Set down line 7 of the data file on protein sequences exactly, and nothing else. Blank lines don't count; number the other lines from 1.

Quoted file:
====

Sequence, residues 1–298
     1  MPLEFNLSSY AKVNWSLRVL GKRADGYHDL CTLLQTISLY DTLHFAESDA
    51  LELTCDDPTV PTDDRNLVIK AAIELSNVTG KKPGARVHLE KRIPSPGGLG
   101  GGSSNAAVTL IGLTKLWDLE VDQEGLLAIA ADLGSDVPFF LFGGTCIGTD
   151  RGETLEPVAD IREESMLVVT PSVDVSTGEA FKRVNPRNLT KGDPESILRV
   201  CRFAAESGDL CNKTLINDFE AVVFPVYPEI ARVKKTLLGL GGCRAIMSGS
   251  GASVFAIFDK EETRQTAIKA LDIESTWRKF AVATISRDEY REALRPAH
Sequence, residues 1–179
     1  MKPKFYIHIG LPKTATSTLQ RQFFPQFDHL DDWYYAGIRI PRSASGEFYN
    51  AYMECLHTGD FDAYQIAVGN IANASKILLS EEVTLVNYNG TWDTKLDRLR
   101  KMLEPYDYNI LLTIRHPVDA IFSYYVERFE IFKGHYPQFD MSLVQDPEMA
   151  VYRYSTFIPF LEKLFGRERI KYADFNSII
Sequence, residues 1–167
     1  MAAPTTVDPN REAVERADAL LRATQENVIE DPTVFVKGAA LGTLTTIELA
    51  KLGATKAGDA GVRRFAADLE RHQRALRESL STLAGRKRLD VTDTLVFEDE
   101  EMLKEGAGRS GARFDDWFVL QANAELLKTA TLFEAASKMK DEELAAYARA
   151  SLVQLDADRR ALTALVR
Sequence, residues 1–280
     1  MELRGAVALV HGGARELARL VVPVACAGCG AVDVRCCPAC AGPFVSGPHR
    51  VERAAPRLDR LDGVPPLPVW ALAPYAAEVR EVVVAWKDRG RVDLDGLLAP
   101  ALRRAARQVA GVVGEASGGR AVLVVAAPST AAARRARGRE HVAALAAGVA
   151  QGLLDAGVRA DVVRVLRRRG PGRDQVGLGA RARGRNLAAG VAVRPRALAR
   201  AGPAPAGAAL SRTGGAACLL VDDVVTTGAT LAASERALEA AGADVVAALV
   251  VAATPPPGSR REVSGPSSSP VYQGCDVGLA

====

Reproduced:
   251  GASVFAIFDK EETRQTAIKA LDIESTWRKF AVATISRDEY REALRPAH